Tag Archives: history of science

Anything goes? Feyerabend and method

This entry looks at Paul Feyerabend’s reductio ad absurdum of specific rationalist conceptions of scientific method, perhaps one of the least understood arguments in the philosophy of science. I explain the structure of the reductio before considering how Feyerabend applied … Continue reading

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The politics of demarcation

Abstract: Is it better to have demarcation criteria that allow us to demarcate in practice rather than ones that are philosophically rigorous? This entry looks again at the demarcation problem and considers the criticism that philosophical treatments of it fail … Continue reading

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Ockham’s Razor

Ockham’s Razor, otherwise called the principle of the economy of thought, is often invoked in debate or arguments, usually to discard or count against one or more theories on the basis that another exists that is simpler or more parsimonious. … Continue reading

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Astrology and its problems: Popper, Kuhn and Feyerabend

The merits or otherwise of astrology have been subject to much discussion recently, resulting in attacks that have been critiqued by Rebecca Higgitt, amongst others. The problem, according to Higgitt, is that astrology is “rubbish” but not because of the … Continue reading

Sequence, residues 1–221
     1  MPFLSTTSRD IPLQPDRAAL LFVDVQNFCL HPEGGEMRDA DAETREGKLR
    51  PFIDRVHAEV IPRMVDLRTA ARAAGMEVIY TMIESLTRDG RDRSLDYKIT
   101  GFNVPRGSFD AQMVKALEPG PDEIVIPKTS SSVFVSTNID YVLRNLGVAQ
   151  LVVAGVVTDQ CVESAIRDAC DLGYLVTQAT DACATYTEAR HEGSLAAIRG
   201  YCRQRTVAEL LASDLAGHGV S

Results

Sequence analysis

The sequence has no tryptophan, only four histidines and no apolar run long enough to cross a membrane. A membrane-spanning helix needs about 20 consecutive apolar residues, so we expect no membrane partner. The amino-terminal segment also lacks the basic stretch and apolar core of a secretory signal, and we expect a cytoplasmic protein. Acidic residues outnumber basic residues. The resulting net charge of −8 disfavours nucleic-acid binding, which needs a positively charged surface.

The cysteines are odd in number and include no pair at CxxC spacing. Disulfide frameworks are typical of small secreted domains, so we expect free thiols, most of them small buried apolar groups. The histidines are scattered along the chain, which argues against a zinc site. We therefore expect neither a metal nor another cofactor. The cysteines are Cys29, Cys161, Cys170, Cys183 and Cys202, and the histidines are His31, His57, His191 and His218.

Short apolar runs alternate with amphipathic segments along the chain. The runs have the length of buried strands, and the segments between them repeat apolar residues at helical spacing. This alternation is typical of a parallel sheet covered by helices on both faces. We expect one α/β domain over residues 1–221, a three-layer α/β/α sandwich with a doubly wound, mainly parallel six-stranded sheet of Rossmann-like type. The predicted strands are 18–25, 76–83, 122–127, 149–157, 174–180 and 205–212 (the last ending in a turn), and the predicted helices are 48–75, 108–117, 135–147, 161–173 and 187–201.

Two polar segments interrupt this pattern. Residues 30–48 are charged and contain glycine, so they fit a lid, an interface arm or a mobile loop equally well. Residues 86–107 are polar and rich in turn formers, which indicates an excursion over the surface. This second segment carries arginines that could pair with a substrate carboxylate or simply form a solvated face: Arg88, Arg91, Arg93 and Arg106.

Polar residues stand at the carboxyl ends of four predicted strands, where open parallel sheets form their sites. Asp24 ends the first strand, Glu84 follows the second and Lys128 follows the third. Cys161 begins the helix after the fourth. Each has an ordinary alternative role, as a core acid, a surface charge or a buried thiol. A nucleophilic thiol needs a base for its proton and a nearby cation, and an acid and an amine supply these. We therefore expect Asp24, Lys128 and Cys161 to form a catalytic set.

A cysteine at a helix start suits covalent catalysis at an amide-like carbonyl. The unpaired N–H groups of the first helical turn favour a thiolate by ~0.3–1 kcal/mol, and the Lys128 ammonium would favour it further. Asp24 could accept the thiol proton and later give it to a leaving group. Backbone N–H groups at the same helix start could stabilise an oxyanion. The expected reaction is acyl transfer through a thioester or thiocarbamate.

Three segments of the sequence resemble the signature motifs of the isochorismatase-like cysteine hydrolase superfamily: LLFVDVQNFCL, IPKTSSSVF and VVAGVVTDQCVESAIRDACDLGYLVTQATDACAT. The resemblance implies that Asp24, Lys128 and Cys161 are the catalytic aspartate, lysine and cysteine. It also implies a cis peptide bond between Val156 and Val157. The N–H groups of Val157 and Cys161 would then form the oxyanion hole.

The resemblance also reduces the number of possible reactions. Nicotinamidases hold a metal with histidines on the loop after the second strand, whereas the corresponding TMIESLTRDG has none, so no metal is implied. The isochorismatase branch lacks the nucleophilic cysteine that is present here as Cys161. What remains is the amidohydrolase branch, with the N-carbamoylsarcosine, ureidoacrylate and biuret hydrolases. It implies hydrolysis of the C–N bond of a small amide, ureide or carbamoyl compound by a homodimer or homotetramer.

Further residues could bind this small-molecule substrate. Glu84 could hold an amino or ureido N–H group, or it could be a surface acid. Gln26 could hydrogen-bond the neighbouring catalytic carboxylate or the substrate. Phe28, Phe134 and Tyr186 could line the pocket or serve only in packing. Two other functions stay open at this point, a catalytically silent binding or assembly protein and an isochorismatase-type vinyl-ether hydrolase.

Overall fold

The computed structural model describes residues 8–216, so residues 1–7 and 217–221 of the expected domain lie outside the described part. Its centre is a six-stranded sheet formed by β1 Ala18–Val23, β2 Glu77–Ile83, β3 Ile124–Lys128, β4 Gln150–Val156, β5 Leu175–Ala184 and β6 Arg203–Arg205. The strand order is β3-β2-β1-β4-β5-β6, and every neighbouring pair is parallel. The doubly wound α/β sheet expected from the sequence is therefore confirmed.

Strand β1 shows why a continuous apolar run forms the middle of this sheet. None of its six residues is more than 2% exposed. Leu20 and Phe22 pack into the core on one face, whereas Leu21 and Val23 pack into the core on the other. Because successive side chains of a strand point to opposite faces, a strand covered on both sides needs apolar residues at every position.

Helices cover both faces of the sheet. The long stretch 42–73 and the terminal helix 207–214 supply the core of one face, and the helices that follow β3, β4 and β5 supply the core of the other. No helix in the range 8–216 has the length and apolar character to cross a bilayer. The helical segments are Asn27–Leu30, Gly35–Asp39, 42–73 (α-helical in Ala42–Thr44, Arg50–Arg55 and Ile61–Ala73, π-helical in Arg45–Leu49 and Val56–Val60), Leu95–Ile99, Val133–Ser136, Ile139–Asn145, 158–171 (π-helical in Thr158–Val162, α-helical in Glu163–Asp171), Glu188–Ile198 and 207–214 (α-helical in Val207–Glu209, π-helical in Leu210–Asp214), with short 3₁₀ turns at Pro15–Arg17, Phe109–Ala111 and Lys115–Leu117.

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Scientific method and demarcation

In The Scientific Method, Mike Zajko sets out an argument that “no agreed-upon formulation of the scientific method exists” and that “it is more effective to consider science’s methods in terms of Hugh Gauch’s ‘general principles of scientific methodology’”, going … Continue reading

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Concepts and consequences

In Book IV of the Physics, Aristotle explored the concept of place in search of a rigorous understanding. Rejecting the possibilities of shape, matter and “some sort of extension between the bounding surfaces of the containing body” (221b), he arrived … Continue reading

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Refusing to look through Galileo’s telescope

There is a famous reference in the so-called Galileo affair to various people refusing to look through Galileo’s telescope at the sunspots and other phenomena he wished to show them. The best known is Cesare Cremonini and I did some … Continue reading

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